I think it depends on the community. Every medium influences people’s voice, and every audience creates the dynamics of the medium.

Larry Ward had the voice for Star Wars villain...
Image via Wikipedia

ParisLemon blogger, Michael Arrington right hand man, and vociferous Apple diehard MG Siegler believes that commenting on blogs is a little like the pit below Jabba the Hut’s perch in Return of the Jedi.

The Siegler thesis seems to be: Commenting is where otherwise brilliant people who are trying to save the world go to die.  Siegler recently turned off comments on his Tumblr blog and then told people that comments as a democracy is “bullshit.” He advised people who want to comment on his blog to shuffle off and start their own blog, capping his blog post with the prophetic sounding, almost campaign slogan “Earn your own voice.”

Then there is the idea that commenters, who may not own real estate of their own, function to create an idiosyncratic but informed community that helps solve problems, generate ideas, and create products and services.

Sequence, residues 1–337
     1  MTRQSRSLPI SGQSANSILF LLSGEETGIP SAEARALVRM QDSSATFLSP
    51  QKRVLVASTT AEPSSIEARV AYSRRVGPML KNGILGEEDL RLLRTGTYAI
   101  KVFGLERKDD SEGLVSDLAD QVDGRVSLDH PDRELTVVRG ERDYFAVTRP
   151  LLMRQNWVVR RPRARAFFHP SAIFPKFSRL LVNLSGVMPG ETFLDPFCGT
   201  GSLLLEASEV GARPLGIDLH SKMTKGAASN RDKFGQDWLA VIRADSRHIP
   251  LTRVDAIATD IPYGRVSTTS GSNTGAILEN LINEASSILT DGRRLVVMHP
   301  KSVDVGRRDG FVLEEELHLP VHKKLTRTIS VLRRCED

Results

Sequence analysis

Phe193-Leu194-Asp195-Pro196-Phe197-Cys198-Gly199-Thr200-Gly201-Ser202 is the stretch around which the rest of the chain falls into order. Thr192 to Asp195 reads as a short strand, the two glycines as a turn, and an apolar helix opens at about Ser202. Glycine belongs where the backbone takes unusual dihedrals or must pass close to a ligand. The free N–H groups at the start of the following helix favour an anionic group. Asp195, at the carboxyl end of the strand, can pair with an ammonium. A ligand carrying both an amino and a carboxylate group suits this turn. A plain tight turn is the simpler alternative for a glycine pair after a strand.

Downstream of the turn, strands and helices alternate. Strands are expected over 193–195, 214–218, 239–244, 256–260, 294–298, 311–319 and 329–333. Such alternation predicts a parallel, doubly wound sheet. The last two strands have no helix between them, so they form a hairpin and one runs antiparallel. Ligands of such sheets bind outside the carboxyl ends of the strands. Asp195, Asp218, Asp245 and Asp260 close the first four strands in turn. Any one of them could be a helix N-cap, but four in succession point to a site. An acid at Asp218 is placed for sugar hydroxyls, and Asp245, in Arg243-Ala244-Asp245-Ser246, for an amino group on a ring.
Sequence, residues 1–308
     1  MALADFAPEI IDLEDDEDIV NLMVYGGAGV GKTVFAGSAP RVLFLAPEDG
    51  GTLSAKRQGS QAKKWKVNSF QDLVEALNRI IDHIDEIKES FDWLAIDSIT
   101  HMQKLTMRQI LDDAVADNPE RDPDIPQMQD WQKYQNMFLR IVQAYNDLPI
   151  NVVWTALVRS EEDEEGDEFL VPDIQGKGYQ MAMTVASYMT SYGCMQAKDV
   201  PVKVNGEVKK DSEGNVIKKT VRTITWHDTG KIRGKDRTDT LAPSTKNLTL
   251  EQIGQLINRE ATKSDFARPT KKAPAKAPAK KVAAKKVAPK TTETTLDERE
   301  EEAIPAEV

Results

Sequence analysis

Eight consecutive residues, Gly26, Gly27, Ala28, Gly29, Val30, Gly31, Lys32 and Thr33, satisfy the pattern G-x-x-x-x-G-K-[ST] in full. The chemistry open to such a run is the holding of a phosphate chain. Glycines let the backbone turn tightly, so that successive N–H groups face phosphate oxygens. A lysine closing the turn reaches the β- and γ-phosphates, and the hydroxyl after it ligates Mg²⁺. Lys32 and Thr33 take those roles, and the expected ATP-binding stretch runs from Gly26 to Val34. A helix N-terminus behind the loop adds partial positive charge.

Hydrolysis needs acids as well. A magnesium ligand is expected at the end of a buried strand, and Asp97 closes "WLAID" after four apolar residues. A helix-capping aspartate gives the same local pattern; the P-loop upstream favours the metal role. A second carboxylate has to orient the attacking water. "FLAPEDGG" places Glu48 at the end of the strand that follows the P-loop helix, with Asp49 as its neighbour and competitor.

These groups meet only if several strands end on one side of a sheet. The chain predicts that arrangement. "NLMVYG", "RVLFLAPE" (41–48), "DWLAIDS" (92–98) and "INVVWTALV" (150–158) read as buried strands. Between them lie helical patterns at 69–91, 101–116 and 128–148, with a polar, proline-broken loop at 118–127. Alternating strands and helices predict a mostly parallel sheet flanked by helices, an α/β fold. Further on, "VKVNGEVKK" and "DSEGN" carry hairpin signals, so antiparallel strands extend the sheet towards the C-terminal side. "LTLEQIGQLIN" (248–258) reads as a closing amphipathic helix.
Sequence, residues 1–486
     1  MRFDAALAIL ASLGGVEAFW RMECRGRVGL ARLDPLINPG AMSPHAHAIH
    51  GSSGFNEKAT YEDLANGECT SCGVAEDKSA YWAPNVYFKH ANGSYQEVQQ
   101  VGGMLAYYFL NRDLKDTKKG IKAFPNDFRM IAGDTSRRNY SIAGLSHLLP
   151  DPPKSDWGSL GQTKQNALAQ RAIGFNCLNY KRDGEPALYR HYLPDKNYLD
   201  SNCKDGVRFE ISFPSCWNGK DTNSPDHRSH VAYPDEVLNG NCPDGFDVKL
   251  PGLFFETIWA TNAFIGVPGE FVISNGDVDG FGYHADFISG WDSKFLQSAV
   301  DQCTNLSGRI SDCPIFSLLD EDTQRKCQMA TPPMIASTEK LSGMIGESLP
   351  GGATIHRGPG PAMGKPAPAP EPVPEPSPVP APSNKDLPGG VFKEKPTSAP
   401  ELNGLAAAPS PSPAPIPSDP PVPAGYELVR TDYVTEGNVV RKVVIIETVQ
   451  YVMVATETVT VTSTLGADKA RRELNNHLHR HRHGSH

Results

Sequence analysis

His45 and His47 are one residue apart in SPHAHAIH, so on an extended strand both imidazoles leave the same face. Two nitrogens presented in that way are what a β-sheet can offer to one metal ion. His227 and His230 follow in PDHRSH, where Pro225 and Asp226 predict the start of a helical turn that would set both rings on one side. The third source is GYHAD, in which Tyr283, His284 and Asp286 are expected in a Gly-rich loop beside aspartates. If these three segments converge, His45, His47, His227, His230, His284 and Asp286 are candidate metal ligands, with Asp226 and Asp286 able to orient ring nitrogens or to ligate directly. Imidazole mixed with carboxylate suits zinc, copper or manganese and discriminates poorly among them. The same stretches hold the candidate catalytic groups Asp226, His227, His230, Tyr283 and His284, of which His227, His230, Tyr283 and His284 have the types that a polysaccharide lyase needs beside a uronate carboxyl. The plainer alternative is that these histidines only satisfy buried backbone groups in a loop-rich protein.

For these people, commenting is their voice. This is Mougayar’s baileywick. He thinks that commenting is a form of blogging and it actually solves a problem that I first wrote about six months ago, which is that we often don’t know whom we need to find in order to solve a problem or create a collaborative solution. This has been similar to his experience at VC investor Fred Wilson’s extremely commenting-rich blog, AVC.

“Across the social media spectrum, I think that commenting is a stronger signal than liking and sharing. You are more engaged,” says Mougayar. “My idea [for creating] came out of my experience with Fred Wilson’s blog. I found I was developing relationships with people I would end up doing business with or knowing well. Out of conversations you can have relationships, but there was no way to capture that.” consolidates all your commenting on Facebook, Twitter, and in commenting fields sponsored by Disqus, to name a few.